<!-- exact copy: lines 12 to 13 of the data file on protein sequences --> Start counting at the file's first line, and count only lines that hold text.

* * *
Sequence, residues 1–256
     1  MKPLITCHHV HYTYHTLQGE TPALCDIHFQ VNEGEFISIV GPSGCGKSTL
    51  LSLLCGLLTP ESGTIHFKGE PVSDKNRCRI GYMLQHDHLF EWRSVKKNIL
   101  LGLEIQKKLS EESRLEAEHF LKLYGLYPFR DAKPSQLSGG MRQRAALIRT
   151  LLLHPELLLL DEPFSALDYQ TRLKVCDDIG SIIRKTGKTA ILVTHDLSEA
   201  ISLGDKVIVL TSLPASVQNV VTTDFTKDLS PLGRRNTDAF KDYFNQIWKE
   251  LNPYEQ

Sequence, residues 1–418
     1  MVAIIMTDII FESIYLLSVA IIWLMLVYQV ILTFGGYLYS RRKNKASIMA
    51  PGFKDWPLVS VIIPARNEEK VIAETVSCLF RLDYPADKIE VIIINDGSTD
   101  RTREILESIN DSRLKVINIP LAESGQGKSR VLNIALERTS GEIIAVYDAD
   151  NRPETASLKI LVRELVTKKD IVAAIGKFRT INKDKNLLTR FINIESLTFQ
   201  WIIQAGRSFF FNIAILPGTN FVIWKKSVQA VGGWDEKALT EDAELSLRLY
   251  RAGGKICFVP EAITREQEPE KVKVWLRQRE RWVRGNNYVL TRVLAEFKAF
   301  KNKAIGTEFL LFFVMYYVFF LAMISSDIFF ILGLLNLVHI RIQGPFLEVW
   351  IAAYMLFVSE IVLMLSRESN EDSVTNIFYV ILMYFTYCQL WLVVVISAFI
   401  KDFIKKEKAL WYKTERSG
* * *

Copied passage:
   151  NRPETASLKI LVRELVTKKD IVAAIGKFRT INKDKNLLTR FINIESLTFQ
   201  WIIQAGRSFF FNIAILPGTN FVIWKKSVQA VGGWDEKALT EDAELSLRLY